Martin, with his naïve-cool persona and his sidebars of outright silliness, was as wild (and crazy) as it got – until Williams. Itzkoff begins his account at the tail end of a long night in a San Fran comics’ showcase. The audience is completely laughed out – and yet, here comes, at gig’s end, this hairy, sweaty “Russian,” who, after a few obligatory malapropisms (“Thank you for the clap!”) re-awakes the faithful by going into whirling dervish mode, boldly venturing off the stage to morph – from immigrant to drag queen to uptight classical actor – both verbally and physically at lightning speed. By the time his fifteen minutes are over, the room, a harbinger for Hollywood, will be abuzz.

It was a style of performance Williams would give ad infinitum. Till the self-inflicted end of his life at the age of 63, long after 35 years as a bankable film star, he continued to play, sometimes billed, sometimes not, at clubs and arenas across the continent. “Irrepressible” is a cliché when touting comics; here, though, it’s the mot juste.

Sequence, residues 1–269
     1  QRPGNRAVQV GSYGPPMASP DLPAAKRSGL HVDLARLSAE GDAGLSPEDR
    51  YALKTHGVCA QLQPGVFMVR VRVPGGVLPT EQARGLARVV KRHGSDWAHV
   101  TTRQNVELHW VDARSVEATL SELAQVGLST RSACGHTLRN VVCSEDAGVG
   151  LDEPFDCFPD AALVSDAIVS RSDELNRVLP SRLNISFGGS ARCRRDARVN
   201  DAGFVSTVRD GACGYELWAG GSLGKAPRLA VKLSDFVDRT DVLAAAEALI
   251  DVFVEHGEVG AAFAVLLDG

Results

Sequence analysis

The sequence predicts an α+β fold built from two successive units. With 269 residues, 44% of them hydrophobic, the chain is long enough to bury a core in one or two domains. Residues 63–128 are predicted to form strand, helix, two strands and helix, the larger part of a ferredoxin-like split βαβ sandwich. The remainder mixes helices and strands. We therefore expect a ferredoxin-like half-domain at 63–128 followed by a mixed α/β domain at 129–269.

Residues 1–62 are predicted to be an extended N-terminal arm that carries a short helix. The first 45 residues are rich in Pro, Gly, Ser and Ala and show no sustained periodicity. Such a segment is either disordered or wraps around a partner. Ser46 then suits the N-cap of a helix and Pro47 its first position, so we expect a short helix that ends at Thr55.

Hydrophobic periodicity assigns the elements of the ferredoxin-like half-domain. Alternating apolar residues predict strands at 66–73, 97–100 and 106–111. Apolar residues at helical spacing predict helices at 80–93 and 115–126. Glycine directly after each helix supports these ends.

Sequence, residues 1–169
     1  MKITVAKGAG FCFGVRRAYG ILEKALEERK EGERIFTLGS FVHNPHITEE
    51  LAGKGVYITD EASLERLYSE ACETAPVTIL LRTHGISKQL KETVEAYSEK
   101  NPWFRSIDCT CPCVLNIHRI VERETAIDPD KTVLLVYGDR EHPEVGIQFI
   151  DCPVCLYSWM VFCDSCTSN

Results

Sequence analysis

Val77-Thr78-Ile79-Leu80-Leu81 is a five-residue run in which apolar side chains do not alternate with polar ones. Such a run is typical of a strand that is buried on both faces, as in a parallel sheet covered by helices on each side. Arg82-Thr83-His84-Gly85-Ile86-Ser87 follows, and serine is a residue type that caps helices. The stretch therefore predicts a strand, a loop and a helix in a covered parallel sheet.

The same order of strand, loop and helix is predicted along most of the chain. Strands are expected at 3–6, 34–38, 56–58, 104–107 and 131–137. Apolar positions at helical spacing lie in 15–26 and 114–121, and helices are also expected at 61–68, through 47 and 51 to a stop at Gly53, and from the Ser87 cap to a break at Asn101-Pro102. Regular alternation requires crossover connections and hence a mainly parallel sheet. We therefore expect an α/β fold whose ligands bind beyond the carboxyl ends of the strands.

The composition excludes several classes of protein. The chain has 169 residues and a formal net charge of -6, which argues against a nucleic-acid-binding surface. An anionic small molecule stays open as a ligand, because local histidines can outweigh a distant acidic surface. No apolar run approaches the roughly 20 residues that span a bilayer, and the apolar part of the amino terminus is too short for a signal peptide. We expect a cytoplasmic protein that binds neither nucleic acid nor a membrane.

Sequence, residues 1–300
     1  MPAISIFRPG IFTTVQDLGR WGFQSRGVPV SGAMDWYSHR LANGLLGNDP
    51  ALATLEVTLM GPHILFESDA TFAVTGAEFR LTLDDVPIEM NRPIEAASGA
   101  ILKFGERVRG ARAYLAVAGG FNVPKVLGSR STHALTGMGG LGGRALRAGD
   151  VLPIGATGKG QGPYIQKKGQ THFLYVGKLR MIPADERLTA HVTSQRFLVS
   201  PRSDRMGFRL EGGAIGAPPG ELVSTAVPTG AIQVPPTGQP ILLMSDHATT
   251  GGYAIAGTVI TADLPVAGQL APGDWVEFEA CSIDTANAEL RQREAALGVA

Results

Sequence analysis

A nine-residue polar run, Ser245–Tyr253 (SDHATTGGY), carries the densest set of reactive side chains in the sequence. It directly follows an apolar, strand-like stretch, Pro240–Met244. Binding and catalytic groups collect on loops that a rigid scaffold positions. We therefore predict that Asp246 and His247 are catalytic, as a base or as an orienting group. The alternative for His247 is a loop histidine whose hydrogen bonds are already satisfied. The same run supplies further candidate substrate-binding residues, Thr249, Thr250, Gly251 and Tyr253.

This bottomless appetite for audience adoration, according to Itzkoff, was born of a fundamental loneliness. The Freudian bad guy is Williams’ father, an overworked, under appreciative automotive exec, who, when Williams was growing up in suburban Detroit, paid scant attention to him. Thus the lifelong performing, thus the lifelong psychotherapy sessions. Both served to assuage but neither could spiritually placate poor, perpetually plagued Williams for longer than a few short years. In between, there were debilitating bouts of addiction – cocaine mostly, the sensorial plaything of the 1970’s nouveau riche – a stickler of a propensity that would eventually resurface, labeling Williams forever not simply as “comic” but “tragi-comic.”